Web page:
To The Dragon Cave profile: For love and gaming

To The Dragon Cave profile: For love and gaming

At the core of video game playing, there is a drive for connection. Through games, we build camaraderie among our teammates. We discuss story plots with other fans. We share our greatest accomplishments and our epic failures. However, the development of this social network depends on each player being able to access the same game. For millions of gamers, their disabilities prevent them from partaking in the majority of games enjoyed by their peers.

One such couple is Milos and his wife, Jana, who reside in a small town 130 miles southeast of Prague, Czech Republic. Fifteen years ago, Milos spotted Jana across the room at a university party. The connection between the couple was immediate and they closed out the party at 3 a.m. Milos called Jana the next day for a follow-up date and they have been together ever since. Over the years, the pair have deepened their relationship through shared experiences. As a couple, the pair enjoy hiking, travelling, and discussing technology.

They also love playing games. Unfortunately, Jana's blindness prevented them from enjoying the same games together. Jana lost her sight due to Juvenile idiopathic arthritis during her teenage years. While they both enjoy gaming, their physical abilities led them down different gaming paths.

Jana tends to play blind-accessible gaming staples, such as Blind Drive, Sonar Islands, Mousekick, and Accessible 2048 on mobile. Meanwhile, Milos focuses on PC-based first-person shooters such as DOOM and Wolfenstein.

Subscribe to Pocket Gamer on

One afternoon, Jana snuggled into her living room couch to play her favourite game (Mousekick) only to find that an iOS update had rendered the game inaccessible. This was the final straw for Milos. He was tired of watching his wife being denied dynamic gaming experiences. Milos left his job as a database software developer to form Kikiriki Games. The mission of the company was to bridge the gaming gap between blind and sighted gamers. Milos wanted to create a game that would allow both types of players to compete on a level playing field. In addition, he wanted to highlight the capabilities of the blind community through his protagonist. Most importantly, he wanted to share his love of first-person shooters with his wife.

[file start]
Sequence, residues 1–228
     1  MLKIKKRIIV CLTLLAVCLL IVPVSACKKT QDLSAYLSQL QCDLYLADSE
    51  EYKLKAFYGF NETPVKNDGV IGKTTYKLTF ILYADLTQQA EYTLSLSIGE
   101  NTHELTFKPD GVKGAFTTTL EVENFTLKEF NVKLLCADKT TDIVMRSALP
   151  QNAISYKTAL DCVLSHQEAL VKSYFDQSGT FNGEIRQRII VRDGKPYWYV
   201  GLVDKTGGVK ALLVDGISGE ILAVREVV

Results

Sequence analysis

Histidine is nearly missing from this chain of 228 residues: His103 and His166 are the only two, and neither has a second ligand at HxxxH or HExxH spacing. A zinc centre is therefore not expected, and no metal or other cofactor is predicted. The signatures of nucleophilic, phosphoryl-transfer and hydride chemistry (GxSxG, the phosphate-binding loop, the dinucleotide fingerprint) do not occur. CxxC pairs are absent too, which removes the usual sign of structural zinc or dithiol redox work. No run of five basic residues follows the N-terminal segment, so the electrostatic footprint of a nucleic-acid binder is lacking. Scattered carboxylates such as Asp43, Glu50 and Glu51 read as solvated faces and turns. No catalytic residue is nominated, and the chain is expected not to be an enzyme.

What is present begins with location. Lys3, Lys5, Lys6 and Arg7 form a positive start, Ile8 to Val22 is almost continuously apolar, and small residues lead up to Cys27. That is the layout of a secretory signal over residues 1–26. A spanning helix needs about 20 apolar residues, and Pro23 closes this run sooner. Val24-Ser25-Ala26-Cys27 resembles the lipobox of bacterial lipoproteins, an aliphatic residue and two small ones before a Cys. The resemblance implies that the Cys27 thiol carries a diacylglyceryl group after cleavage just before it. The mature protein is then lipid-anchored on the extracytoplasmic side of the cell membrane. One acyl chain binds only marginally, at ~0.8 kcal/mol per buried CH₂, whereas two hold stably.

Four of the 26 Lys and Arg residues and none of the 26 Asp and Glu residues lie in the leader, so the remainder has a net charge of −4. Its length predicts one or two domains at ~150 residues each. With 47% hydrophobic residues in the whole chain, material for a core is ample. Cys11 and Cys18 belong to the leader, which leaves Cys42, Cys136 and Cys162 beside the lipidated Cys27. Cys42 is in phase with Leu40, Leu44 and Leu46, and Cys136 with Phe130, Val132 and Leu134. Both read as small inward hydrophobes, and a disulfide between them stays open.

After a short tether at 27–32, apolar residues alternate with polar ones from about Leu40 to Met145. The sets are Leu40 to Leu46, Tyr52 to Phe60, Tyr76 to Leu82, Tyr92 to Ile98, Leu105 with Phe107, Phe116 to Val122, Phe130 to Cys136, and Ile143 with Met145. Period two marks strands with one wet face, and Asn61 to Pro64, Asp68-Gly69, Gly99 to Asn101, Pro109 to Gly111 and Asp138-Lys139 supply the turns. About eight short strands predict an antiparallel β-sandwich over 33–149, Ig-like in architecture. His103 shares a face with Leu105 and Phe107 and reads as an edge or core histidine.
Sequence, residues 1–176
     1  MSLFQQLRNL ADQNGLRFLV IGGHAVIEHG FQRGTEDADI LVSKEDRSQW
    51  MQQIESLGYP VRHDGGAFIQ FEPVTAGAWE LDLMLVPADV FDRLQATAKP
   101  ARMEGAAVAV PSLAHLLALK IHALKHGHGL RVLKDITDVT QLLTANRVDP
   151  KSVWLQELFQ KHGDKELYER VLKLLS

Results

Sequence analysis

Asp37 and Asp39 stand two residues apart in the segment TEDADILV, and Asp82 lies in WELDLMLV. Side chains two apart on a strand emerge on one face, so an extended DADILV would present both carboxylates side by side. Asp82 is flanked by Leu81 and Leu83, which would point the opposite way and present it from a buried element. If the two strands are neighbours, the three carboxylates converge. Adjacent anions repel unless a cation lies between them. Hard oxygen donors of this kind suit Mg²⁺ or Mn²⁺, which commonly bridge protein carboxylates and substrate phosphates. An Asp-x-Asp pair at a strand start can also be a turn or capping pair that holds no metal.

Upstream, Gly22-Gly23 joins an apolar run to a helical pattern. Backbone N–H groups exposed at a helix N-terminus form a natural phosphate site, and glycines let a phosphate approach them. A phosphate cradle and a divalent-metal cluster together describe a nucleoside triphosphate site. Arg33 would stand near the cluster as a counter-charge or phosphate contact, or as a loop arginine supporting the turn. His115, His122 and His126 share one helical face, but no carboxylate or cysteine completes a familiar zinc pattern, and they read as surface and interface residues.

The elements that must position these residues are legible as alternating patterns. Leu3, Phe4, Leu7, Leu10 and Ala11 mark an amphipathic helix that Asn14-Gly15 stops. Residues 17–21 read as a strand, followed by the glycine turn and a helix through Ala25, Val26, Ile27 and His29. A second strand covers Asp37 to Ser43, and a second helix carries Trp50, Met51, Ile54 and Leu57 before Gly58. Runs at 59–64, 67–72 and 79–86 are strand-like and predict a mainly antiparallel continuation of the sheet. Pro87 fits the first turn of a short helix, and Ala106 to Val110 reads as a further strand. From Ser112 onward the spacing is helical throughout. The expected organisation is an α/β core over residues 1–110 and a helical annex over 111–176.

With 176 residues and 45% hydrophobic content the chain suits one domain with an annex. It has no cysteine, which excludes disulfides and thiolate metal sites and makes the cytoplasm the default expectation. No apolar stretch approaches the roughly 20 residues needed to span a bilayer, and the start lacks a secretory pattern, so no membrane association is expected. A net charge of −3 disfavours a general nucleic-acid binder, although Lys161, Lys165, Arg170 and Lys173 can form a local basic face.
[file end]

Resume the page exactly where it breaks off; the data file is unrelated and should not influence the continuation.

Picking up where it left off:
A year later, Kikiriki Games released their first game called To the Dragon Cave. To the Dragon Cave is a first-person shooter that flips the script on the typical fairy tale story. The game’s protagonist is a princess who was kidnapped by an evil dragon. In his cruelty, the dragon blinded the princess with his dragon fire. A failed rescue attempt leads the princess' betrothed, Prince Harold, to be dragged off to the dragon’s lair. Undaunted by her circumstances, the princess breaks out of her tower prison, fights off enemies and saves the day. The game is a lesson for players not to underestimate someone’s capabilities based on their often ill-informed preconceptions regarding the person’s abilities.

To the Dragon cave is proof that game developers are able to create enriching games that are accessible to blind and sighted players alike. This accomplishment was achievable because Kikiriki Games made accessibility a primary pillar of the game development process. Making a truly accessible game requires the game developer to consider accessibility from the outset of the project. To the Dragon Cave has been downloaded by thousands of blind and sighted players. In forums, comment sections, and in person, these two groups are discussing the merits and challenges of a common experience. The game’s leaderboards are populated by both blind and sighted players. In the end, Kikiriki Games accomplished its goal of bridging the gaming gap between blind and sighted players.

With the success of To the Dragon Cave, Milos and Jana are inspired to deliver more gaming experiences that connect blind and sighted gamers. They expect that their next release will be more complex and dynamic. As they develop new games, the couple will continue to employ both blind and sighted developers to create the most inclusive gaming experiences. Through Kikiriki Games, Milos and Jana can now add gaming to their list of shared experiences.

To the Dragon Cave is available now on the App Store.

About the author

Aaron Spelker is the founder of ‘Apple iPhone iOS Voiceover Compatible Games’ which provides weekly long-form reviews of iPhone games that are accessible to blind and vision-impaired gamers. His game reviews are posted to the Facebook group of the same name and to the video game section of the Triple Tap Tech website.